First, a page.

State and, to some extent, local government
has come to rely on gambling revenue. And now that neighboring states are launching a competitive
assault on Indiana casinos, it’s time to get back to the original intent before the revenue shrivels and leaves necessary
government services high and dry.
Despite rampant speculation, Anderson’s Hoosier Park is not facing imminent bankruptcy, according to its owner, locally
based Centaur Inc.
Indiana casinos on average pay the highest effective tax rate in the Midwest, according to a report by the Casino Association
Purses at Hoosier Park in Anderson and Indiana Downs in Shelbyville have swollen since the two tracks added slot machines
in June 2008.
Fifty-nine horses have been quarantined because of a suspected contagious infection at central Indiana’s Hoosier Park race
Indiana’s casinos are facing increasing competition from gambling ventures in Michigan and Ohio that could pose a threat to
the $900 million in tax revenue the industry generates for the state.
The Hoosier Lottery limped through its latest fiscal year, turning in its poorest sales performance in a half-decade due mostly
to declining demand for Hoosier Lotto tickets and scratch-off games, the Lottery said today.
Indiana has made billions on gambling in nearly two decades, funding key programs, cutting excise and property taxes, and
avoiding tax hikes. The state has seen more than $2 billion in investment without any government incentives,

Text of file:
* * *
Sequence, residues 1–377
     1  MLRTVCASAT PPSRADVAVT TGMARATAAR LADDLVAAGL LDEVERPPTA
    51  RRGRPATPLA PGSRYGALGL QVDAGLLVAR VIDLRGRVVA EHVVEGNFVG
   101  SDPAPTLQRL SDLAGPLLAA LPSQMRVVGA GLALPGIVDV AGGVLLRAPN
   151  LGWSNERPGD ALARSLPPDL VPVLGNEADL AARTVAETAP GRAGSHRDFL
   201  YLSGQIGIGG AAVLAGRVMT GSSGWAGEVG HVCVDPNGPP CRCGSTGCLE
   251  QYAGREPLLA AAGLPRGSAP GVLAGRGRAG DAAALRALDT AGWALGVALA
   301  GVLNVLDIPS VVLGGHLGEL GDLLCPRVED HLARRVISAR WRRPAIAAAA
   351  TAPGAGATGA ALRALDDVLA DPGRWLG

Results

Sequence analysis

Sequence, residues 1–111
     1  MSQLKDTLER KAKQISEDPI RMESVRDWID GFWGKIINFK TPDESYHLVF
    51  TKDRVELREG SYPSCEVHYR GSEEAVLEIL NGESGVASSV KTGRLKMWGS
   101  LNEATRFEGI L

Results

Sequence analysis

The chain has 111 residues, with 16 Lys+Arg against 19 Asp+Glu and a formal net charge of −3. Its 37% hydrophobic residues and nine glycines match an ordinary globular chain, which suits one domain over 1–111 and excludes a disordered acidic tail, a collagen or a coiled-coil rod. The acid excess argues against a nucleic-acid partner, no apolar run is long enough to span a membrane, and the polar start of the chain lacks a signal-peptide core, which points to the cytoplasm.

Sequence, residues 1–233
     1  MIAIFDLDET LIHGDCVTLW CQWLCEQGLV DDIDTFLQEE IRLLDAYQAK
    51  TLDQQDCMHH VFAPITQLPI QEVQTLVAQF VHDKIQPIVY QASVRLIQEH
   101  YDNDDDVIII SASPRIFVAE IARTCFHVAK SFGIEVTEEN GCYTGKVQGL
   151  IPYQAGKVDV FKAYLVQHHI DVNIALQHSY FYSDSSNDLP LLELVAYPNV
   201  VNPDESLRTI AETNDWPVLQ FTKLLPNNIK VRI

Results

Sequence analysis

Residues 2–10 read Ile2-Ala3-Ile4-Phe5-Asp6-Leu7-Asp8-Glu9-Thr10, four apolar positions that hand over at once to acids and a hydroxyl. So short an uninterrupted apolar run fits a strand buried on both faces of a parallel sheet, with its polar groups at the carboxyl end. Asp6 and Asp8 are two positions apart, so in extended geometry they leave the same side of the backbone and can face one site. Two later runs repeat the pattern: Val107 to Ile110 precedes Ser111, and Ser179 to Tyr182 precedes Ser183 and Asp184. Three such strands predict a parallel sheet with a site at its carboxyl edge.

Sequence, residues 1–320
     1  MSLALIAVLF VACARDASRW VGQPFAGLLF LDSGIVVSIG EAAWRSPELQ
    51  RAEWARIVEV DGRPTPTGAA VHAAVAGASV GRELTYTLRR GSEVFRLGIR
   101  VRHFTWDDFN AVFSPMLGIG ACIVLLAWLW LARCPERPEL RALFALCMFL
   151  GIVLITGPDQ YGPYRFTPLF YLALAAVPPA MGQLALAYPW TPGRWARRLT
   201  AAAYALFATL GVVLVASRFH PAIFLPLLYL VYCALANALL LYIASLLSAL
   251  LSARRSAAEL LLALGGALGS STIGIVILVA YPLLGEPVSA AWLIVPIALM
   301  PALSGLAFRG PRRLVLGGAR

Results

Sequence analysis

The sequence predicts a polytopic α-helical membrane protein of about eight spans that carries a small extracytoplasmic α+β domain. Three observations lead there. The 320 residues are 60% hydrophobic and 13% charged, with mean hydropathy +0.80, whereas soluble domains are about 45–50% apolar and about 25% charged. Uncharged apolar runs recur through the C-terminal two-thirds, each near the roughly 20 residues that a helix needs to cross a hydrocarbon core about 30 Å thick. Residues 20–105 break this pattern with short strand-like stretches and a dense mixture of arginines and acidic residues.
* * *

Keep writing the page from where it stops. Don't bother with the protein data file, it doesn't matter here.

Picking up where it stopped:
and more dollars committed in our history than by any industry outside of steel, power and autos.
In a saturated gambling market, Indiana casinos increasingly rely on expanded entertainment options to
attract patrons. The upshot is that an industry once considered “recession-proof” is asking
the General Assembly for lower taxes and hopes to eliminate expensive regulatory requirements like maintaining engines
Indiana’s struggling gambling industry didn’t get the relief it sought during the special session of the Indiana General Assembly. But embedded within the budget bill approved June 30 is a provision creating a gambling summer study committee. Its recommendations, due by Dec. 1, may make or break several of Indiana’s casinos.
Hoosiers’ long ride on the gambling gravy train finally may be coming to an end.
Cash-strapped gambling firm pushing bill in Legislature; Centaur trying to recover from Pennsylvania setback
Centaur is lobbying the Indiana General Assembly to let it transfer 500 slots from its Hoosier Park horse track in Anderson
to the Fort Wayne area.